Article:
Buck Key is a former barrier island, now isolated from the Gulf of Mexico by the southern part of Captiva Island. The two islands are separated by Roosevelt Channel. Its topography consists of beach ridges, flat, open sunny areas in the center of the island, and lowland mangrove forests at its edges.

Three archaeological sites exceed ten feet in elevation. Its tropical hardwood hammocks include rare, endangered, and threatened species of plants and animals growing far more lushly than they would in other environments, including the tropical habitats of the Florida Keys.

aerial view of Captiva Island and Buck Key
Captiva Island, left, and Buck Key, right center. In the foreground is the western tip of Sanibel Island and the Sanibel-Captiva bridge spanning Wulfert Channel. Photo by R. Mayhew

Geologists describe Buck Key as a “relict emergent barrier island,” where relict means surviving from an earlier period. The northern part of Buck Key has the typical characteristics of a barrier-island washover fan while the southern end has apparent finger ridges, also known as storm ridges. According to geologists, the Buck Key land formation accumulated mainly between ca. A.D. 440 and 1010.

Three habitation sites show evidence of discrete, functional areas that could have been a Calusa village, including a living area, a possible ceremonial area, and an activity area for tool making. The native people left evidence of post hole locations, recognized from differences in color, texture, and constituents of the soil compared with the surrounding soil. They also left evidence of cooking activities with burned shell, ash, and animal bone, along with sand-tempered plain and Glades Tooled potsherds. These occupational deposits were eroded and covered with what appeared to be storm-derived shell. One activity area showed evidence of shell tool production in various stages. A radiocarbon date for that area yielded a range between A.D. 610 and 845, a time when a similar shell tool-manufacturing site is known on Useppa Island. Animal bone artifacts were also found, some related to fishing. Comparing these samples to other pieces of worked bone from sites in Pine Island Sound helped archaeologists develop a classification system for bone artifacts in fishing cultures.

The archaeobotanical finds at Buck Key revealed a great deal of variety for such a small island, with at least five plant communities represented. Remains of edible fruits of sea grapes indicate a coastal strand habitat. Charred twigs of red, black, and white mangrove trees, along with buttonwood, indicate that a mangrove zone was visited by island inhabitants. Tropical hardwood hammocks are represented by mastic trees. Some cultures use mastic sap for glue, and its ripe fruits are prized for their flavor. Myrsine was also recovered. Miccosukee and Creek Indians blend it with tobacco, though its use by Calusa people is uncertain. Transition area plants, including nicker bean, were represented, as were upland pineland habitats.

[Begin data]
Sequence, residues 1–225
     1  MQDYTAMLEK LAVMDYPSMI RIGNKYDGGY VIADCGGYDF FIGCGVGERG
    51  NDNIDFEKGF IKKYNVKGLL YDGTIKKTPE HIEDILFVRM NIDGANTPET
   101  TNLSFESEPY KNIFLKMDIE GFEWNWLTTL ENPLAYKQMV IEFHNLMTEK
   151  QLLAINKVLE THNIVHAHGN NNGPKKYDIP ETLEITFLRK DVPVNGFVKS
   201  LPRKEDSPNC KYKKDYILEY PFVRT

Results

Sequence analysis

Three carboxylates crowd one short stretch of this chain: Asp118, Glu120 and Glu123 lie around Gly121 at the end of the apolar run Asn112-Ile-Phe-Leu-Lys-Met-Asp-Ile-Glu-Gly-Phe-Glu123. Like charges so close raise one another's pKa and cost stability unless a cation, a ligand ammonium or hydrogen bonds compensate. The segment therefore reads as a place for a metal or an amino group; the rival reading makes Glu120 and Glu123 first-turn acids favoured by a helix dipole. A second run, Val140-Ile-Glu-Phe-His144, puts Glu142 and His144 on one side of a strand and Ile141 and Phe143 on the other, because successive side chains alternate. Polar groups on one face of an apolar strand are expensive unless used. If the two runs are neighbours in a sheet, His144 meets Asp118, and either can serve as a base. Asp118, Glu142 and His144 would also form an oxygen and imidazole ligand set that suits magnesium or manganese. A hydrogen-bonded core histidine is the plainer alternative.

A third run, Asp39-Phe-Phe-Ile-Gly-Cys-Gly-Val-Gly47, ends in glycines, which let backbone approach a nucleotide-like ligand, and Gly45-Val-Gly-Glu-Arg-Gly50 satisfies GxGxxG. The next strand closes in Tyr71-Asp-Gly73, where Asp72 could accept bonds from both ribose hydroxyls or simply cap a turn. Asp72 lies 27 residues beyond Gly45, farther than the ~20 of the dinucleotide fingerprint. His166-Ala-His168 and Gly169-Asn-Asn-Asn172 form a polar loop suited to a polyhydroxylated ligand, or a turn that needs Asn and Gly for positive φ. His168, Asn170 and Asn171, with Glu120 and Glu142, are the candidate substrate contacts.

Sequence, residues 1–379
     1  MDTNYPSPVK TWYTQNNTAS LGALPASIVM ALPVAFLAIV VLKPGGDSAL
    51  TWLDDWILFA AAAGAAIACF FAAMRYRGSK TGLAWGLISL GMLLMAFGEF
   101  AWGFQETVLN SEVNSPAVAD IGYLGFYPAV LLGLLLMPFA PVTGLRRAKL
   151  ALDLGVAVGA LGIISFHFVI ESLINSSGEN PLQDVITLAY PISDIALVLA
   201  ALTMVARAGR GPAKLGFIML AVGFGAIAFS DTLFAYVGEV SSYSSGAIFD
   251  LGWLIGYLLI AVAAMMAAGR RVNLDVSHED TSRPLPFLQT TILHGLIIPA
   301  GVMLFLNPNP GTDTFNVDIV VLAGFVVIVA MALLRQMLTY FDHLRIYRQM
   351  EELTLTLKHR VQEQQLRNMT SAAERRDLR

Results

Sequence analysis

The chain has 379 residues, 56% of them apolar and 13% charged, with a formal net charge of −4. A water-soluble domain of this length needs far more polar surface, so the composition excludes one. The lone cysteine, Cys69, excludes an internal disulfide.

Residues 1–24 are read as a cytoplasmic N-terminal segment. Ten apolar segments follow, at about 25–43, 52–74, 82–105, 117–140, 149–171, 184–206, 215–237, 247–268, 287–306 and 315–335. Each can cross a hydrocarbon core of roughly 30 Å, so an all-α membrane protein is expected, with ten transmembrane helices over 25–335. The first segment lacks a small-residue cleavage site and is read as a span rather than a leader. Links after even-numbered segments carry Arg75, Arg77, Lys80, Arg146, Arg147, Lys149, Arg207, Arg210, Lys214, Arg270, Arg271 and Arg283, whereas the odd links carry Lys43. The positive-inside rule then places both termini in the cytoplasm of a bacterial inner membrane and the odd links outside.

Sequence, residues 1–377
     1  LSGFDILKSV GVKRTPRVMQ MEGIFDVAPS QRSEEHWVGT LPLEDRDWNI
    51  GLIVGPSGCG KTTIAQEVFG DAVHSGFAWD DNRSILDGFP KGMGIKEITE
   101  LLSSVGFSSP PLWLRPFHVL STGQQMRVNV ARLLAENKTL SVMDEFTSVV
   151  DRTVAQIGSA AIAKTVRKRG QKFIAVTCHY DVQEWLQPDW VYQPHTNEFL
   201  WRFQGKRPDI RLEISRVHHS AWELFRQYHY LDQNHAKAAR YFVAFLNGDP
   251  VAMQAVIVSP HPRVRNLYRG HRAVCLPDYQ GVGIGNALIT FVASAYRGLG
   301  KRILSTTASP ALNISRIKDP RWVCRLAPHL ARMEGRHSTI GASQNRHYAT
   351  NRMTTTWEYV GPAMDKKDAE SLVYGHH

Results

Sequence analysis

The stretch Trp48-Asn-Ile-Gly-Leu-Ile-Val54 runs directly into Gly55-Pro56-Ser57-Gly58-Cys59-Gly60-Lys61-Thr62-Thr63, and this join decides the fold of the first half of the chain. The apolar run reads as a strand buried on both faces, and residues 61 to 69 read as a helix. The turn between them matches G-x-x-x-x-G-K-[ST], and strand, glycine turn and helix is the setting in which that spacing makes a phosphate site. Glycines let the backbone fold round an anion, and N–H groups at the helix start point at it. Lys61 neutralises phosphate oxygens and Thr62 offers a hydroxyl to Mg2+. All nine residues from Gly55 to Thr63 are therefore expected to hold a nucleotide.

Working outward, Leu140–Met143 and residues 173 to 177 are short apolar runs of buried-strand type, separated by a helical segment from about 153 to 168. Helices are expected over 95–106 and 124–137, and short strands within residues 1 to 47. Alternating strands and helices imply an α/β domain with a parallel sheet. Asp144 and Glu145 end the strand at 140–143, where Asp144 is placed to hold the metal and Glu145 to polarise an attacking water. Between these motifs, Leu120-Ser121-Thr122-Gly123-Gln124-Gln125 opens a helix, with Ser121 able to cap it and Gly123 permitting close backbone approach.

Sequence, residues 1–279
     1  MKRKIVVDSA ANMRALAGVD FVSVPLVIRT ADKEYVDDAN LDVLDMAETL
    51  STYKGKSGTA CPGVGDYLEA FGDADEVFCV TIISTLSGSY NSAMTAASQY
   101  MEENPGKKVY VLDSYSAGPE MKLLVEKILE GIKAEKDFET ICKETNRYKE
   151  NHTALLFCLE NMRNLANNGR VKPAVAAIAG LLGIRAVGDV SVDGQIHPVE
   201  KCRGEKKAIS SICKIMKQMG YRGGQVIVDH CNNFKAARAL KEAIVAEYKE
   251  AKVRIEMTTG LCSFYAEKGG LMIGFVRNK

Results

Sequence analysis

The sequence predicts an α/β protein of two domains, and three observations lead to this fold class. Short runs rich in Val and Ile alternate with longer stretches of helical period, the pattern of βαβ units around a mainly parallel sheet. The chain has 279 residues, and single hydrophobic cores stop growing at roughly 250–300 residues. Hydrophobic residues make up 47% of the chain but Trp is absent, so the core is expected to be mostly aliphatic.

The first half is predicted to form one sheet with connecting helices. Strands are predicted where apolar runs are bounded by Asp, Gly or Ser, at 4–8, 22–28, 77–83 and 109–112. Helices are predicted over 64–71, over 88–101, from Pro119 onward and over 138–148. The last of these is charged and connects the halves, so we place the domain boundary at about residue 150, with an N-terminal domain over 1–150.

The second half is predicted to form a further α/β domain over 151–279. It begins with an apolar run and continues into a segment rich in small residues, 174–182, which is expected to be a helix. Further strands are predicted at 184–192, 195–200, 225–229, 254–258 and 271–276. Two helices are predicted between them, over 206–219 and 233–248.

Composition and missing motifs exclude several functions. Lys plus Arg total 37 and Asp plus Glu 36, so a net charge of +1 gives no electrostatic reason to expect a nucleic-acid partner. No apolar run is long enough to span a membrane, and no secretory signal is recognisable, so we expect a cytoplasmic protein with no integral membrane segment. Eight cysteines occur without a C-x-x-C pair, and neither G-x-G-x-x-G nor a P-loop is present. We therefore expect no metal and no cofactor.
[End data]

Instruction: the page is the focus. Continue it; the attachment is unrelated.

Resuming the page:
Buck Key’s occupation between A.D. 660 and 1430 means that people may have traded with, visited with, or made decisions about their homeland along with people living at the same time on Pine Island, Josslyn Island, Burgess Island, Mason Island, Useppa Island, Demere Key, and Galt Island. The burial ground at Buck Key was looted for many years by local residents in the Fort Myers area. Dozens if not hundreds of human remains were removed during the twentieth century. A small, undisturbed portion was investigated by archaeologists, revealing that intact burials had been mindfully placed in small, diffuse groups on a sand ridge, then covered with sand between A.D. 1000 and 1160. The Buck Key burial site is now under protection of Florida Statute 872.02, which prohibits disturbance of unmarked graves. All Buck Key sites, whether disturbed or undisturbed, are under federal and state protection.

The Seminole Wars and the Civil War of the 1800s may have turned Buck Key into a hideout, or at least a hunting ground, as military vessels sailed, patrolled, and traded along routes in Pine Island Sound and at ports up the Peace, Myakka, and Caloosahatchee rivers. The George Ormsby family homesteaded the southern end of Buck Key in 1897, planting citrus and other tropical fruits. George’s brother William homesteaded 67 adjoining acres. The Ormsbys were largely responsible for organizing the first Buck Key school. It opened in 1897 with Fannie Porter teaching, and attracted twelve students from Buck Key, Captiva Island, and Wulfert on Sanibel Island. It was the only public school available in the area until 1901. The family left the island after 1914.

Today residents and visitors can canoe the mangrove creeks and wade the nearby grassflats of Buck Key, knowing that most of the island has been protected, allowing native plants and animals to thrive.

This article was taken from the Friends of the Randell Research Center Newsletter Vol 15, No. 4. December 2016.